Theresa May has spent her time ringing around the capitals of the EU hoping to get something out of their leaders that she can take back to Westminster to convince MPs to vote her deal through.


So, our PM has been banging the telephone buttons trying to get hold of the other EU leaders and get them to hand over some Brexit Irish backstop reassurances, has she?

You can imagine it can't you? The other leaders were probably quite happy to get the first calls all saying happy new year and I hope you had a great Christmas, how's the family. You know, like the telemarketer who greets you with a how are you etc to try and engage with you when you pick the phone up.

But things probably got a bit more difficult when the talk inevitably turned to Brexit and the Irish backstop issue.

At first it will have been all polite and 'can't talk now', or 'just going out', or 'I'll call you back' – you know, the usual excuses we all use.

And you can imagine Theresa May then tiresomely phoning back having thought of another angle to pursue and pleading in her desperation to flog life into her dead deal.

"You'll get Corbyn!" she'll be weeping into her phone.

You can then see those leaders doing what you and I do, blocking her number on their smartphones and contacting their equivalent of the telephone preference service (TPS) to stop the nuisance calls coming in.

The trouble for Theresa is that the EU has said it is not now going to budge, that's it! No more talk!

And a spokesperson for the EU Commission president, Jean-Claude Juncker, said at a press conference today that no more meetings between the EU27 and the UK were foreseen as the talks had concluded and that the EU27 leaders had made it clear that what was on the table was not up for renegotiation.

They will now probably just sit back and watch, waiting to see what happens.

Now, according to a Guardian report, the UK is facing huge shortages of skilled workers, the worst since 1989 it says, and of course it blames Brexit.

The report cites the British Chamber of Commerce that says 81% of manufacturers and 70% of service sector firms can't find enough people with the right qualifications and experience.

So here we have a country where we have a record high population with every day that passes, a record number of graduates, a record number of apprentices and more young workers still pouring in from around the world every day with net migration still running at over a quarter of a million a year and we can't find skilled workers?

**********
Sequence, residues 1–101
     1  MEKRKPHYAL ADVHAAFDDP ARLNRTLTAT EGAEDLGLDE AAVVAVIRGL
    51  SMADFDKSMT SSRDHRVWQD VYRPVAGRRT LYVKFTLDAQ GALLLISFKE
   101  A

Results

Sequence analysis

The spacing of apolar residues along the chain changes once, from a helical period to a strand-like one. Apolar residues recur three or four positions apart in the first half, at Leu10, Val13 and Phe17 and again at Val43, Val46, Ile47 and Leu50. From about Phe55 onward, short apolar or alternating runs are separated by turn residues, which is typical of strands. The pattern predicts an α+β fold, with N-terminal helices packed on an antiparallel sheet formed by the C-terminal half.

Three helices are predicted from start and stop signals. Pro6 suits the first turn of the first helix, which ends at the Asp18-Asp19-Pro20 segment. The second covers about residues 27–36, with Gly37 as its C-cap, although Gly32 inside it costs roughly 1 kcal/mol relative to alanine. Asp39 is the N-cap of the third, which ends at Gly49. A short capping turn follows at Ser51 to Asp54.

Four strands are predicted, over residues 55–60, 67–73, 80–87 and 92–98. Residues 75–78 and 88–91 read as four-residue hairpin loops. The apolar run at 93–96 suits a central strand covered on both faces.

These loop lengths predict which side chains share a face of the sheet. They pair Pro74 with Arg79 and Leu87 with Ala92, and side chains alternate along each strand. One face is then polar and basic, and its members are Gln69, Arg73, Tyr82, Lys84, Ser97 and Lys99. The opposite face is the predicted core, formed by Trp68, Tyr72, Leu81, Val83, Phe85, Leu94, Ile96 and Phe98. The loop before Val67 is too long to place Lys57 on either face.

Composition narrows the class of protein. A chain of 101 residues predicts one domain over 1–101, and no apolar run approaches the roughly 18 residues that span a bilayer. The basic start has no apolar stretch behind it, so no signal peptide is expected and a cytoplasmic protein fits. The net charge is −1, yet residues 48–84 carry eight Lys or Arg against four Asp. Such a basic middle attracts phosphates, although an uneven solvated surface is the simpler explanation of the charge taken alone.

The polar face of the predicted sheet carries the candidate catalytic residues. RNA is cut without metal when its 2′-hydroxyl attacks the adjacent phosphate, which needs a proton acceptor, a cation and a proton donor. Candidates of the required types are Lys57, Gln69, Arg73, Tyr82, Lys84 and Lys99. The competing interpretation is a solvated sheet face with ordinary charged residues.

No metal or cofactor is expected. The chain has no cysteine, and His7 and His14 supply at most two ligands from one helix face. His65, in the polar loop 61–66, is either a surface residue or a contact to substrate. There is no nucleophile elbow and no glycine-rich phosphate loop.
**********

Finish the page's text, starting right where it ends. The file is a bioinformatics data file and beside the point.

Just look at this chart that I put together from ONS statistics and look at the yellow line of net migration. Net migration was lower than it is now right up until 2014. How many more do they want?

UK Net Migration Chart

But I suppose opening a new box of migrants is always cheaper than paying workers more or investing in their training here in the UK.

Now, can you get this. After nearly two years of backing Brussels to the hilt in its drive to push the UK to the edge in the Brexit negotiations, the Republic of Ireland suddenly finds itself holding the nasty, gooey end of the stick as a no deal Brexit looms.

They had thought they held all the cards and that we would just cave in, but now that a no-deal WTO Brexit is firmly on the cards, the economic ramifications are beginning to hit home.

As a consequence, the Republic's agriculture minister, Michael Creed, has declared that in the event of a no deal Brexit, he will be asking Eurocrats for a staggering amount of Euros for an aid package to help Irish businesses.

"You’re looking at hundreds of millions here. Between the beef industry and the fishing industry we’re talking mega-money." Said Mr Creed.

And he also said:

"There is a high level of awareness of Ireland's unique exposure to the UK food market. But I think nobody wants to talk about it right now because there is still a hope and expectation that a level of sanity will prevail."

Here I would like to point out that, having helped to increase the chances of a no-deal coming to pass by joining in with the rest of the EU in playing hard-ball with the UK, then the the government of the Republic has helped the EU make the bed and the Irish people may well have to lie in it. Where was the sanity back then?

This is the moment when The Irish PM, Leo Varadkar, finds out if all those claims that the EU will stand with the Republic of Ireland over the border issue extends beyond mere words and includes a cash injection of many hundreds of millions of euros. A cash injection that could well convert the Republic from very recently becoming a net contributor to the EU, back into a net receiver of funds.

I wonder if Varadkar has anything in writing and legally binding?

And with no deal there should be no £39 billion of UK money for the Brussels coffers, so the EU will be looking for more money from the Republic of Ireland, not to start handing it out again.

The Irish end of the stick looks very gooey doesn't it?


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